Univision Communications postponed plans for a 2015 initial public offering due to the lackluster recent performance of media-company stocks and a sluggish market for first-time share sales.
The Spanish-language broadcaster's board met on Thursday and discussed the issue, people familiar with the matter said. The company is leaving its options open for a debut early next year, one of them added.
Univision, which went private in the leveraged-buyout boom that preceded the financial crisis, initially had plans to launch its IPO shortly after Labor Day. But growing skittishness among investors caused the company to hold off, people familiar with the company's thinking have said.
Downward revisions of profit guidance from media heavyweights like Walt Disney and Time Warner in the last few months have pressured industry valuations and highlighted to investors the growing unpredictability of the long-steady pay-television business. The companies' disclosures sparked greater investor worry about the acceleration of "cord-cutting," or people dropping their pay TV subscriptions, and "cord-shaving," as people downgrade to cheaper bundles with fewer channels.
In pushing back the deal until next year, Univison joins other private-equity backed companies including Neiman Marcus Group and Albertsons that had prepared for IPOs late this year but opted to wait. Albertsons' deal was pulled the night it was due to price, with the company citing difficult market conditions and a dour forecast by rival Wal-Mart Stores. Others, including Petco Holdings, have abandoned IPOs when suitable offers to acquire the entire company materialized.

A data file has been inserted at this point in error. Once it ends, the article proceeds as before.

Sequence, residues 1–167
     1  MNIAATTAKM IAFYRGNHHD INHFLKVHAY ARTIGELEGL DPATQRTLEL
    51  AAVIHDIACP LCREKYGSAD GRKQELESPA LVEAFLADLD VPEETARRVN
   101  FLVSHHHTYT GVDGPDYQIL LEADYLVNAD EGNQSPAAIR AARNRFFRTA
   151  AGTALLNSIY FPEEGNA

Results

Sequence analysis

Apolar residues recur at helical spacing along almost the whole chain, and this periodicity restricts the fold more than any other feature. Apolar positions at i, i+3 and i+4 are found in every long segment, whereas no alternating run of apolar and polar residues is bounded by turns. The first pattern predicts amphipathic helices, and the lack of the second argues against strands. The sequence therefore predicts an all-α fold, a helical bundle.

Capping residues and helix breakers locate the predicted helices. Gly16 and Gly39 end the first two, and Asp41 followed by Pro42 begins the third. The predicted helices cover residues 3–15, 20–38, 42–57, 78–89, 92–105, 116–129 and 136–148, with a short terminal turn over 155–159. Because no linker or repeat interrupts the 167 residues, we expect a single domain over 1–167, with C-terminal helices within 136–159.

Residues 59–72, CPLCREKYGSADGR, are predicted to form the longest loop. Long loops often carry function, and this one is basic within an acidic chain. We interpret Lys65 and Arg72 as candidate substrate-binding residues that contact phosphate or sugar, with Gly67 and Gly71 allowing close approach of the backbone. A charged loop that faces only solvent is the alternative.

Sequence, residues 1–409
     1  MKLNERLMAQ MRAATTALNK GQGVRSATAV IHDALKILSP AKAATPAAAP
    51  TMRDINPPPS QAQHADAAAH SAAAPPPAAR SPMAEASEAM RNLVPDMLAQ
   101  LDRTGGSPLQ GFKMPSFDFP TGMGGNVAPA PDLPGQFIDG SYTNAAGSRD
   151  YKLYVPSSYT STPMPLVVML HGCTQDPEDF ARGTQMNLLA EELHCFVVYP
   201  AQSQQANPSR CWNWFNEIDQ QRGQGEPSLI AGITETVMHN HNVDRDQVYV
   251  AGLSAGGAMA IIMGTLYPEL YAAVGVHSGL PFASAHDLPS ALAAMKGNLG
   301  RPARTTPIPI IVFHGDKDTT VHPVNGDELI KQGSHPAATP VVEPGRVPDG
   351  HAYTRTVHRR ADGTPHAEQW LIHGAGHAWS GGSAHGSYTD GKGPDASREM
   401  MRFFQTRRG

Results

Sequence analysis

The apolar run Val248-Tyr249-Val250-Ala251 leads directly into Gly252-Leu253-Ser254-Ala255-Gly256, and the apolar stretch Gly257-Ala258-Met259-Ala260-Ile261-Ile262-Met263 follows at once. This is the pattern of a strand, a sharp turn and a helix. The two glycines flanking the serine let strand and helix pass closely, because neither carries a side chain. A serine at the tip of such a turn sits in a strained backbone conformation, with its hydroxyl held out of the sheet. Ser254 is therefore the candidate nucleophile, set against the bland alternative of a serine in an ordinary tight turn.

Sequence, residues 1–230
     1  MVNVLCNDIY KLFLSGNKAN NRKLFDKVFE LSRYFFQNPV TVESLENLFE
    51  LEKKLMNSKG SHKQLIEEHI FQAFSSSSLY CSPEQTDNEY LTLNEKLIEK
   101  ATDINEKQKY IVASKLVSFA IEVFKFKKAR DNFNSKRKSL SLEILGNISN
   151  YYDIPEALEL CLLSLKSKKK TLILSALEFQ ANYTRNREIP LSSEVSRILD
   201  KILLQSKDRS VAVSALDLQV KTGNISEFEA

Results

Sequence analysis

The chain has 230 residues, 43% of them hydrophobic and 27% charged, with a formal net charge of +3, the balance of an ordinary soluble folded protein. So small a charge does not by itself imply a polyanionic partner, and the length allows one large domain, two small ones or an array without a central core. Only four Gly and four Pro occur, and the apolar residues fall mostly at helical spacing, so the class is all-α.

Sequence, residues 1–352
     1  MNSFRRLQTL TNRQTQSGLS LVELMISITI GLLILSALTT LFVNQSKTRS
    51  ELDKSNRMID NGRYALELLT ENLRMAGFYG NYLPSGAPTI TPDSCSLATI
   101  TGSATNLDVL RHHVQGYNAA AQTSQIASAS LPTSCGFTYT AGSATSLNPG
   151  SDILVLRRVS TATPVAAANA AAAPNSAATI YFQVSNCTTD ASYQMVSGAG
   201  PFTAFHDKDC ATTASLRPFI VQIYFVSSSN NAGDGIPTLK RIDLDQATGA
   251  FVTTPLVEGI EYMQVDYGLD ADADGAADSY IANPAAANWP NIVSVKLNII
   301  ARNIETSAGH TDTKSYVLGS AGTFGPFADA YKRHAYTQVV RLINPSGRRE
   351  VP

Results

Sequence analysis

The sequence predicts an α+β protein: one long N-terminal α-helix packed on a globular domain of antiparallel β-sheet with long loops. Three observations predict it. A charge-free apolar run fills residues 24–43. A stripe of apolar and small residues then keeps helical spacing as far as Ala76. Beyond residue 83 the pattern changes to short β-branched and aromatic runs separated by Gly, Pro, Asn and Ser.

First Data Corp, which did complete its IPO in October, priced its shares below the expected range, and saw the shares slip in first-day trading. The shares have since recovered somewhat, and are up 6% from their debut price, though still below their original range.
The IPO market has been buffeted by volatility in stocks broadly, as well as by the rich valuations of many companies preparing to go public.
A particular challenge for Univision and other private-equity owned IPOs has been investor uncertainty about interest rates. With the Federal Reserve possibly raising rates later this month, investors worry that the huge debt loads of these companies, a legacy of their buyouts, could become more expensive or difficult to refinance.
Univision's owners--including billionaire Haim Saban, Madison Dearborn Partners, Providence Equity Partners, TPG and Thomas H. Lee Partners--have been searching for an exit for years. The group took Univision private in early 2007 in a $13.7 billion deal that loaded up the company with debt just before the onset of the financial crisis.
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